The Telegraph
Since 1st March, 1999
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Healed Owen reflects on hamstrung Liverpool

The problem with Michael Owen’s hamstrings had always been their liability to break down at crucial stages in Liverpool’s season. But after a year of strengthening and sacrifice, the England striker has found himself on the other end of a Faustian pact: the hamstrings are fine but it is his club that have proved more likely to break down.

Owen playing England friendlies in May was once a demand that his brittle hamstrings would just not accept.

But now that he finds himself killing the empty time between Thursday’s match against South Africa and the Euro 2004 qualifier against Slovakia on June 11, he has had time to reflect on Liverpool’s slump to fifth place in the Premiership table and their failure to qualify for the Champions League.

The intense muscle work that Owen has done to fortify his hamstrings has always come with the risk, he has warned, that his goalscoring this season will be curtailed by sheer fatigue.

Curtailed, as it turned out, to a mere 28 goals which can hardly be judged as a meagre return for a 23-year-old who spends 90 minutes more on every training session than his teammates.

“It’s not been the greatest season in the Premiership or the Champions League,” Owen said. “We won the Worthington Cup but we set out sights much higher than that so it has been a disappointing season. Hopefully it will get better next year. From a personal point of view it started average and got better.

“I got 28 goals for Liverpool and that equals the best I have done but the main thing for me this season was to solve my injury problems.

“I’ve missed two games through hamstring problems which is probably better for me than any of those 28 goals. The things I have done off the pitch means that I was always going to have a patchy season.”

He added: “I really felt that I had to add a lot more strength so I could play as many games as possible without getting injured — that has sometimes been at the expense of being 100 per cent sharp. It is an injury problem that you can solve through hard work.”

If Owen has kept his part of the bargain — especially with a late assault on the Golden Boot with 12 in 14 matches — then there is certainly a clear implication that not all his Liverpool teammates have kept theirs.

It also puts the England striker in a mean position to start negotiations for a new deal this summer as well which will replace the existing agreement that is set to run out in two years’ time.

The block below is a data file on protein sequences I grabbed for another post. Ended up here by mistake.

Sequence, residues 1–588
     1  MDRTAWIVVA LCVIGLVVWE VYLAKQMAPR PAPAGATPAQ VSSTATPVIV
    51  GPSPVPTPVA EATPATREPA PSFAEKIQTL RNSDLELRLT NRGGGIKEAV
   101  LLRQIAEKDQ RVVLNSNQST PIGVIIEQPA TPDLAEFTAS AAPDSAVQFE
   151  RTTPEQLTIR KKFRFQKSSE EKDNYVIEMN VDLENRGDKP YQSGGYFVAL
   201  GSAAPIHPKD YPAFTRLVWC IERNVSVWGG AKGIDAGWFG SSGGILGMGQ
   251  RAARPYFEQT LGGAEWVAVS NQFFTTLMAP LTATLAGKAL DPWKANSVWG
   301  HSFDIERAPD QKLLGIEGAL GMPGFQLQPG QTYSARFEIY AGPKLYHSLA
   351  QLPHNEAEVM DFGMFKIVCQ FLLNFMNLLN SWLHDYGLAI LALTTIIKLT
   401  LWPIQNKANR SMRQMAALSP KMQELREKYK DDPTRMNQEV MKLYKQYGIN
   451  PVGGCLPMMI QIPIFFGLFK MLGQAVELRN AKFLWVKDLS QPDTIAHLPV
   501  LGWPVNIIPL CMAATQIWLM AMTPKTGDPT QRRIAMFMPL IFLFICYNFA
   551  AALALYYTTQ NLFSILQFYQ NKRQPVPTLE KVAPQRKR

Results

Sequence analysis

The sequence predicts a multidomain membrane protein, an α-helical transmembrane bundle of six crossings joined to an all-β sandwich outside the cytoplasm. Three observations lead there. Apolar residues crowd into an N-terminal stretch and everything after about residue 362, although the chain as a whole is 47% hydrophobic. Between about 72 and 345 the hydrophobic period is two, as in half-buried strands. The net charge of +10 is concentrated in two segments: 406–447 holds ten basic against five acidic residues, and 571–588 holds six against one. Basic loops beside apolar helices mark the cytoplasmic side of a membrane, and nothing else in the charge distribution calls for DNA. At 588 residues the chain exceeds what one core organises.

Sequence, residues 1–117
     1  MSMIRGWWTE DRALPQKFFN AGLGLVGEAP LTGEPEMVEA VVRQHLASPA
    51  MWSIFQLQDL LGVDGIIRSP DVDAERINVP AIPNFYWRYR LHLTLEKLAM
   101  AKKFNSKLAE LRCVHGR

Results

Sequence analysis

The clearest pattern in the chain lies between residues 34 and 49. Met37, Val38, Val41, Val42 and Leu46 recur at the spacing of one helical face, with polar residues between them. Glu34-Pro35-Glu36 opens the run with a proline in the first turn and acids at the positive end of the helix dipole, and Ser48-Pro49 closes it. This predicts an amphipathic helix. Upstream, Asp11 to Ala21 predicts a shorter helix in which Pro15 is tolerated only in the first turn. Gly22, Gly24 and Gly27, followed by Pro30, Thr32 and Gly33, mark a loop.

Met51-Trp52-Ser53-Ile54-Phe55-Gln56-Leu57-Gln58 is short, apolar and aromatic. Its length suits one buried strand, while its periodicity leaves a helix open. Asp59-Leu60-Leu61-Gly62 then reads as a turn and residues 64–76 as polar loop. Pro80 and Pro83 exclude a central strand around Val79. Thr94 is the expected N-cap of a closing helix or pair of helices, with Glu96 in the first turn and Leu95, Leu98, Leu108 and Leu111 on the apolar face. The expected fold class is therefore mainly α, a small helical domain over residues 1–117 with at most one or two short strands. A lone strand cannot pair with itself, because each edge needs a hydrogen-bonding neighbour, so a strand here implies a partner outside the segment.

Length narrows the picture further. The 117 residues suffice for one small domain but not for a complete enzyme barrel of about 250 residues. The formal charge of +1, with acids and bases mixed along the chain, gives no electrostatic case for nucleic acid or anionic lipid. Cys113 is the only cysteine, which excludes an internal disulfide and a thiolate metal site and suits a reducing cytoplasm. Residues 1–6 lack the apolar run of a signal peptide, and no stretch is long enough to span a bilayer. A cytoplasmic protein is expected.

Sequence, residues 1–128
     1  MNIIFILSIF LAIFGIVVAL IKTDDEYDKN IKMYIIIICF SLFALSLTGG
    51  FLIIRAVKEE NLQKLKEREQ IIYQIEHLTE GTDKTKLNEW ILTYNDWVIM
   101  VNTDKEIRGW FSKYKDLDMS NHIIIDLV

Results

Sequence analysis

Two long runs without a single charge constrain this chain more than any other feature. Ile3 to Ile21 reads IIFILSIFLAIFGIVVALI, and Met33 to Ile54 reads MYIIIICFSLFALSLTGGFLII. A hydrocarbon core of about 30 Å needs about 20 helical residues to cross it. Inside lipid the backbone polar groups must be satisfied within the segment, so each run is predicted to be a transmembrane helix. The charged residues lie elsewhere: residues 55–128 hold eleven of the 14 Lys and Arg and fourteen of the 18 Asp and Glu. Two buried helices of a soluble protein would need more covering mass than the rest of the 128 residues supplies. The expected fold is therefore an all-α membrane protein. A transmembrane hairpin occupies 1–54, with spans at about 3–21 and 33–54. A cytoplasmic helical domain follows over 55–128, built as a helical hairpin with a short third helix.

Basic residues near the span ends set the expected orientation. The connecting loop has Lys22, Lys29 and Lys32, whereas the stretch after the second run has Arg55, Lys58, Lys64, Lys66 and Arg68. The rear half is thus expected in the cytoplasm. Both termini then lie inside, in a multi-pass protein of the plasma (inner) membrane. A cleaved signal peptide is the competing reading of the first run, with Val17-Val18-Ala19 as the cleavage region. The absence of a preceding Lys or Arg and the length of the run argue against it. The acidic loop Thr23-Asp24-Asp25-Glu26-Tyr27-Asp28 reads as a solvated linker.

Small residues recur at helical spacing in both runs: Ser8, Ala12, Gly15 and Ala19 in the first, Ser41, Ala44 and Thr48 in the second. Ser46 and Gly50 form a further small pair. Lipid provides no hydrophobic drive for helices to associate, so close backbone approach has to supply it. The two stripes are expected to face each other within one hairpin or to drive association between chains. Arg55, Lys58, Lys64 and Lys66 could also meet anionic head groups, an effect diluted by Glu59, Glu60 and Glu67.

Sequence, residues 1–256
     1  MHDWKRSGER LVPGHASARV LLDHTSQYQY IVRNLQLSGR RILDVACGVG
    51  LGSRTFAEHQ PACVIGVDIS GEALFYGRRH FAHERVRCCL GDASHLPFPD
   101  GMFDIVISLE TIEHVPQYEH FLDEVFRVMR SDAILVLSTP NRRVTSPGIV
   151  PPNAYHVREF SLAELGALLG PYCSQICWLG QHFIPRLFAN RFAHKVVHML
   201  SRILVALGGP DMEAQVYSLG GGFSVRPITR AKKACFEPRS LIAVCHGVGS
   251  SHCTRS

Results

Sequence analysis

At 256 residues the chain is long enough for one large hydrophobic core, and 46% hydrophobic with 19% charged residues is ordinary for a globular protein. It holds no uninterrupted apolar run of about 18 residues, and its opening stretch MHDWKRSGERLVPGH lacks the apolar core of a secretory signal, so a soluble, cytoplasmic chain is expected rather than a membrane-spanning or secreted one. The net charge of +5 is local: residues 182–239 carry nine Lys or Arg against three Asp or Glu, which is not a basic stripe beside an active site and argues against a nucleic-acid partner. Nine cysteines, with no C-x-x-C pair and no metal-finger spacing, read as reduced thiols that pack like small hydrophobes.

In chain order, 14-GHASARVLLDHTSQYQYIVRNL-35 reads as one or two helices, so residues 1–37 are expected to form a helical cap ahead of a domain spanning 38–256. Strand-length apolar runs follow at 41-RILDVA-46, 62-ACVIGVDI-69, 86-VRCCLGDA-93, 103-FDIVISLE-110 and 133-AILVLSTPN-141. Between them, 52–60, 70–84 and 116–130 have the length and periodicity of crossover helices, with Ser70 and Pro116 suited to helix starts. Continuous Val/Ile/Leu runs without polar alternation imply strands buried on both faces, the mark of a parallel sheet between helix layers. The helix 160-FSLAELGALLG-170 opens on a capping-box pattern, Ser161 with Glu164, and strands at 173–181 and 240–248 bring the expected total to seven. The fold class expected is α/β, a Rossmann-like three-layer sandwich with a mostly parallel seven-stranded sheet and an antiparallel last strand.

“It’s a really important summer because we never performed to our capabilities this season,” Owen said.

“Whether the players who played have got to improve next year or whether we have to bring new players in remains to be seen. That’s down to the manager but it is certainly a big summer.”

This season has also been a long one for Owen when you consider that he had the burden of two runs without scoring, in September and February as well as the disclosure of his World Cup gambling losses.

As the England squad’s most recent new father may be forgiven for a different tiredness apart from the ache of his hamstrings, and it wa s with rather less passion than David Beckham that he discussed the “optional” team trip to see Nelson Mandela in Johannesburg Wednesday.

“I’m told that Mr Mandela is a big football fan and there is no doubt that the players in the squad are really looking forward to going and meeting him,” Owen said.

With Wayne Rooney missing from the trip it will be yet another England match in which Owen does not start with the same strike partner.

“There’s plenty of time for Wayne because he’s got tons and tons of England caps to look forward to,” Owen said. “There is no point risking him because of his injury and the chance that we can get him back for the next match.”

Rooney is only starting to learn the lesson that Owen was taught some time ago: that not even the most indestructible young striker can force his body to endure every last game.

Owen might not be relishing four days away from his new daughter and fiancé but he does at least have reason to be thankful that it is Sven-Goran Eriksson, rather than his hamstrings, who have decided his availability.

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